Women take up self-defense, pepper spray after India rape
By Nita Bhalla
NEW DELHI (Reuters) - Women in India's capital are taking self-defense classes, snapping up pepper sprays, booking cabs with female drivers or leaving work early, all signs of growing insecurity following the brutal gang rape and murder of a student last month.
The assault on the 23-year-old - who was raped by six people and tortured with an iron bar on a bus, then left bleeding on a highway - stunned the nation and generated an unprecedented wave of protests calling for better security for women.
In response to the public outrage, authorities have initiated several measures to instill confidence, but many women say they cannot rely on India's often gender-insensitive and under-resourced police force to ensure their security.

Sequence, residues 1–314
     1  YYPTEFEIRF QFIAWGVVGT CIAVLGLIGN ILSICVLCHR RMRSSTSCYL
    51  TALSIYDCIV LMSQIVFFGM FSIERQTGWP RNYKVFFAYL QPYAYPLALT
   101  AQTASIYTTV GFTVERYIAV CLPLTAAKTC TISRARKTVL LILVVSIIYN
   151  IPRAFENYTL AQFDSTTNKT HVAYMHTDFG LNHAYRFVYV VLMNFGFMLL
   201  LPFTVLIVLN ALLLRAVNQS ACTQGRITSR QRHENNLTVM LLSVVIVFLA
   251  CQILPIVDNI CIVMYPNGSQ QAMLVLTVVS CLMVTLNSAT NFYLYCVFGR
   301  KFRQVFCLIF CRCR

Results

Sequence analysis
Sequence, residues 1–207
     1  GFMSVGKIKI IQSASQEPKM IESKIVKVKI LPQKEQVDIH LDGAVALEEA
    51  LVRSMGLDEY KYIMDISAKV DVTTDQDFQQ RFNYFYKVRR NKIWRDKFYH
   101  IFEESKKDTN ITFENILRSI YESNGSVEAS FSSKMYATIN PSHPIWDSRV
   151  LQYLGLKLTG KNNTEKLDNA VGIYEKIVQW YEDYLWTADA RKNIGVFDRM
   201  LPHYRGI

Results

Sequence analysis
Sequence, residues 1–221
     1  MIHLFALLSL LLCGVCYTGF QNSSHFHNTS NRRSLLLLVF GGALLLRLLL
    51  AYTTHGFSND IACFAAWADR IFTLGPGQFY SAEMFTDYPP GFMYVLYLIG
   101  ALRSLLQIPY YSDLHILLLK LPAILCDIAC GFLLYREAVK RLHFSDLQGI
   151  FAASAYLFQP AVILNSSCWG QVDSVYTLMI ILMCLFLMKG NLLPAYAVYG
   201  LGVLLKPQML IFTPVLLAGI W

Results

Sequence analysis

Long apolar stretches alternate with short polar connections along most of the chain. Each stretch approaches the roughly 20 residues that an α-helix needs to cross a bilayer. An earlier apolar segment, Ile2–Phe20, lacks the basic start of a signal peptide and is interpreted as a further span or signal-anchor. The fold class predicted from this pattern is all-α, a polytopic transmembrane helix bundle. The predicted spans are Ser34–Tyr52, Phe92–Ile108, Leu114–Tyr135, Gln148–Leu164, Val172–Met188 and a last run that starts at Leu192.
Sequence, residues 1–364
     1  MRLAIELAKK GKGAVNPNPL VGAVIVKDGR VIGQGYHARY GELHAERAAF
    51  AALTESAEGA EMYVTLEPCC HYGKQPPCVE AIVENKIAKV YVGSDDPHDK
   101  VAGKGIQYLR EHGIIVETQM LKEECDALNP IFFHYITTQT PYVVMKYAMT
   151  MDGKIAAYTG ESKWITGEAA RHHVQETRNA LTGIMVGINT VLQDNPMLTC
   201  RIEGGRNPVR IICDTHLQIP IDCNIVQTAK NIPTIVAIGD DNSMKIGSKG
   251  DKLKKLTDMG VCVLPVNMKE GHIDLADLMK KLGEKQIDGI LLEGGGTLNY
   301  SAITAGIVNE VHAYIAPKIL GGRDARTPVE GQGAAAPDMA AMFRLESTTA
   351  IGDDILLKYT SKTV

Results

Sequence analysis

"It's no secret that Delhi is unsafe for women. A lot of us have known it for a long time, but this case has brought things to light," said Sunanda Jalote, 18, a psychology student, attending her first self-defense class with Invictus Survival Sciences in South Delhi.
"It really has hit the confidence of women in the city. We don't want to feel like that. We want to be able to go out wherever we want, at any time of day or night, and feel safe. So you have to learn how to defend yourself."
New Delhi, with a burgeoning population of 16 million, has the unsavory reputation of being the country's "rape capital", recording more rapes annually than any other Indian city.
There were 706 rapes reported in 2012, a 23 percent rise from the previous year, according to the Delhi police, while molestation cases rose by 11 percent to 727.
FEMALE CAB DRIVERS, PEPPER SPRAY Continued...